SALT LAKE CITY — After a long, bitter and at times ugly election — still waiting for razor-thin vote margins to solidify — now Congressman-elect Ben McAdams remembers when the race flipped and it appeared, at least for a weekend, that he might lose.
To mentally prepare their four kids, ages 7 to 13, McAdams and his wife, Julie, sat them down to write a list of positives if he didn't win the 4th District Congressional seat and he instead stayed to serve out his term as Salt Lake County mayor.
"I'll admit, the first thing on the list was a vacation," McAdams said, laughing. "It's been a long time."
But the second bullet point?
"I have a job that I love," he said. "And I'm in a position I'm able to do a lot of good service for our community."
As his family continued to add to the list, it turned out losing the seat wouldn't seem so bad after all, he said.
But then, the results flipped again the following Monday. It quickly became official: McAdams was going to Washington.
Ironically, "my initial sentiment was a disappointment," he said, chuckling. After writing that list, he and his family were suddenly "really excited about losing the election."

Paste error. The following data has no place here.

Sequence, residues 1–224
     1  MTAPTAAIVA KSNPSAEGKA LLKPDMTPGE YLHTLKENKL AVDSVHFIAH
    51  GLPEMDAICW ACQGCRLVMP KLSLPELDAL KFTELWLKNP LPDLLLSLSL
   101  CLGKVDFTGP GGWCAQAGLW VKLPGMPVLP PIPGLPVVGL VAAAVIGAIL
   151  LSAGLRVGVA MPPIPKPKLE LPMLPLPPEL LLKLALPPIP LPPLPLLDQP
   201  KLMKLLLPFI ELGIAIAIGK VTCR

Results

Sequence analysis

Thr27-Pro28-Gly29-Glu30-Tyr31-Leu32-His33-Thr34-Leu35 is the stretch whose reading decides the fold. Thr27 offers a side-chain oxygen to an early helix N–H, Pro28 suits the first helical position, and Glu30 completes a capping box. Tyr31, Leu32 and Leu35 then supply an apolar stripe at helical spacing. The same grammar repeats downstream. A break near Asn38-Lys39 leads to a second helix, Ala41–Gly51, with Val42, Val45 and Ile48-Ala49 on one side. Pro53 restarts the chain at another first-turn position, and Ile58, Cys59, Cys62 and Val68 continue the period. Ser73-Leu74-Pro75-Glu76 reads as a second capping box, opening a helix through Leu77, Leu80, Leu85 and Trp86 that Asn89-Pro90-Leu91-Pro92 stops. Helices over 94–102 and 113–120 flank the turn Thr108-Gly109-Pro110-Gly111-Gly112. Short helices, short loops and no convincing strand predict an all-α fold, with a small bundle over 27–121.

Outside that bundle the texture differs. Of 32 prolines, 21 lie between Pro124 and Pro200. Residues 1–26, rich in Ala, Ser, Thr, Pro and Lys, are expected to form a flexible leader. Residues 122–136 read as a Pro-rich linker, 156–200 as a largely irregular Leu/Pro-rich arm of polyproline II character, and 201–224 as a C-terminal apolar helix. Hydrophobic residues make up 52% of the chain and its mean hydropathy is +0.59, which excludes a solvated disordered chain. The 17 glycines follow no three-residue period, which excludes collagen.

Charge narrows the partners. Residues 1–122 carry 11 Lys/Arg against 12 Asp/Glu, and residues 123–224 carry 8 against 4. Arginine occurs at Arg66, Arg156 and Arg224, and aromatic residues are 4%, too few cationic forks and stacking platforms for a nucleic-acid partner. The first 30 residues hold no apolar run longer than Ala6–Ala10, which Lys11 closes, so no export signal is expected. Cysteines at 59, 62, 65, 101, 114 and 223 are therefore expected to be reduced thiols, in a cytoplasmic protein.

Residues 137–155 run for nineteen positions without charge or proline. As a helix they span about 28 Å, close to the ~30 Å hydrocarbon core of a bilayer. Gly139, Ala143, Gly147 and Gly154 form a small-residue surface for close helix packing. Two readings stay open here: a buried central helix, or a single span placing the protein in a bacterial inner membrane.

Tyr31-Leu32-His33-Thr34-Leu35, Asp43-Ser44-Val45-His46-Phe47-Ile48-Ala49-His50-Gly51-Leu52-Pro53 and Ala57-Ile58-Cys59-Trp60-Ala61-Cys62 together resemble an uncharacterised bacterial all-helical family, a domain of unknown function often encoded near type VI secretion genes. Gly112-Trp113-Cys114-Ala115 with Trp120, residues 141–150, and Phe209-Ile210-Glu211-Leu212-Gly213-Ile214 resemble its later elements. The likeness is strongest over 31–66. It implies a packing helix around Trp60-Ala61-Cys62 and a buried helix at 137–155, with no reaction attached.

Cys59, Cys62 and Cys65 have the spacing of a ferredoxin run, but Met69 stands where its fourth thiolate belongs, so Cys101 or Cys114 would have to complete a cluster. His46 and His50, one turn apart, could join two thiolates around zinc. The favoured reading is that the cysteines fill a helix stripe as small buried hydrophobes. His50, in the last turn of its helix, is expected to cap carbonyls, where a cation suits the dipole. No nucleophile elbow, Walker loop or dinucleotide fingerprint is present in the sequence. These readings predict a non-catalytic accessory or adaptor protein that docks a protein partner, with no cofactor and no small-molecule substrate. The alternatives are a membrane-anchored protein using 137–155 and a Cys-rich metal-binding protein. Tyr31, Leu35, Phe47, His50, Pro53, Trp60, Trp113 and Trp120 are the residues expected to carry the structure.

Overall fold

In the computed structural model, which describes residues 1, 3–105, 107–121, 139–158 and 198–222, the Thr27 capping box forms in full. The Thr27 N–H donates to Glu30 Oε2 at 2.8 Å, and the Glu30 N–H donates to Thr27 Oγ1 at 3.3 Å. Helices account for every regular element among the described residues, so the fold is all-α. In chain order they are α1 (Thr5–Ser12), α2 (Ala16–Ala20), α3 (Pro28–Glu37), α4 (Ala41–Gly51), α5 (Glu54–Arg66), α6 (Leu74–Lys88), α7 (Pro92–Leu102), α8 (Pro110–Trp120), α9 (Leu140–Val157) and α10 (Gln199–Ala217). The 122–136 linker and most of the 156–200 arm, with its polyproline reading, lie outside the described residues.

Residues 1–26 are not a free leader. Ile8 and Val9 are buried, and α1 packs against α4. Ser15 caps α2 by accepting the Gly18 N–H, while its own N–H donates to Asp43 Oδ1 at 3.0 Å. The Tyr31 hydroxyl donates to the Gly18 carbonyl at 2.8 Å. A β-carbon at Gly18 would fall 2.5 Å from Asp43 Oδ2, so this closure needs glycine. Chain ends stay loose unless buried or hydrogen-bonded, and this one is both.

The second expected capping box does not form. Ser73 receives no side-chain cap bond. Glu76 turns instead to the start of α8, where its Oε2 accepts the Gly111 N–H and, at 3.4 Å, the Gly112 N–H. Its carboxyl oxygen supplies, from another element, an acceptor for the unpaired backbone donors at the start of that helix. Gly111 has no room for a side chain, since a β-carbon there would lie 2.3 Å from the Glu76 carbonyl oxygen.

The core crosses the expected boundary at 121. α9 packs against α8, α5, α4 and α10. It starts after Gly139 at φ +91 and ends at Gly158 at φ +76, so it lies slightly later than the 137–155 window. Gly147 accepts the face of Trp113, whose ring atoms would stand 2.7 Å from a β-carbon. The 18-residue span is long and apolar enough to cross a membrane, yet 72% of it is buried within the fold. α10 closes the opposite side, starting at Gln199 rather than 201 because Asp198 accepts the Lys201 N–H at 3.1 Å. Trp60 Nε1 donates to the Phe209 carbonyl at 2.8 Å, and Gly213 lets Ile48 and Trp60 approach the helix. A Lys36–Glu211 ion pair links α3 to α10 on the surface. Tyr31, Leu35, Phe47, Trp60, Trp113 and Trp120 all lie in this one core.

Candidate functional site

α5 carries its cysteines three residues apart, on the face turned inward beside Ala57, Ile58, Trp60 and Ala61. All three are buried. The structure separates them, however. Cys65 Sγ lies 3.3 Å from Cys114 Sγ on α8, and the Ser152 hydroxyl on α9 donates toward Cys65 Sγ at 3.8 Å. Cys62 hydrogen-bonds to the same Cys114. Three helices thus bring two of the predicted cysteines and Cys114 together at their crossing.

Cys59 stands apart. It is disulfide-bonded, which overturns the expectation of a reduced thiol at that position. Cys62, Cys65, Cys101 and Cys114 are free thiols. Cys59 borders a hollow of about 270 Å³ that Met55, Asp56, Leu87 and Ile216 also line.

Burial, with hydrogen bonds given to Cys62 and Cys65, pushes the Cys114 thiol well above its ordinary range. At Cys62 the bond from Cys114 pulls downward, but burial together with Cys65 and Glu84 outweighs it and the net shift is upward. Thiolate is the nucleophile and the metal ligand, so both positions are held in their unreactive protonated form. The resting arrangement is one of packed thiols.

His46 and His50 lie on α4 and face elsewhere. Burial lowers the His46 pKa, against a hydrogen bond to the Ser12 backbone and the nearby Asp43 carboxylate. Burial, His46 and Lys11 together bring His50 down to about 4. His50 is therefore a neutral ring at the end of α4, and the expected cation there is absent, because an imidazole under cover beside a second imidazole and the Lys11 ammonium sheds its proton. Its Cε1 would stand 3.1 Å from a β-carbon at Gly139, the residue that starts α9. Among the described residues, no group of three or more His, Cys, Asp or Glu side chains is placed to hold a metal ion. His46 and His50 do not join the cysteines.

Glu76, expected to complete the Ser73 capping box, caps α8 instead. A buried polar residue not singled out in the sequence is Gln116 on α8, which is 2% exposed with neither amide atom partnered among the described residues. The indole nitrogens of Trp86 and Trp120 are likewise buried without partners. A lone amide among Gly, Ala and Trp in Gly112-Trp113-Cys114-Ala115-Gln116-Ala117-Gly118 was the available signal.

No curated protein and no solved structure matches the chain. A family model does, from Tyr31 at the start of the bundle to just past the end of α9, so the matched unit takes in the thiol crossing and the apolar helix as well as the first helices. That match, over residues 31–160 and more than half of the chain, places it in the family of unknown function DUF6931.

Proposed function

So then McAdams and his wife and kids had to make another list about exciting times ahead, even though he'll be spending a lot of time more than 2,000 miles away.
Still, as he reflected on his time as mayor in an interview with the Deseret News days away from his official resignation, McAdams had mixed feelings about leaving behind his county office.
"It's bittersweet," he said.
'I'll miss it'
In his final week as county mayor, McAdams' office was already barren, save a few lingering office supplies, shelves and picture frames hanging on the orange and white walls.
In one of those picture frames is a colorful painting of the "Ben Bus," the school bus McAdams drove at campaign events. The painting, gifted to McAdams after his 2012 mayoral election by a high schooler, featured the reflection of the state Capitol and the Salt Lake City-County Building in the bus' windshields, representing McAdams' past offices before becoming mayor.
As the former state senator and once-senior adviser to former Salt Lake City Mayor Ralph Becker took the painting off of the wall, he did so with "a little bit of reluctance," seeing it as a conclusion to "this chapter of my service."
"It's sad," he said. "It's the best job I've ever had. … I'll miss it."
His desk drawers also hadn't been emptied out yet. He rifled through one drawer, finding an almost full bottle of aspirin. He joked it was a "good sign" he'd only dipped into it a few times.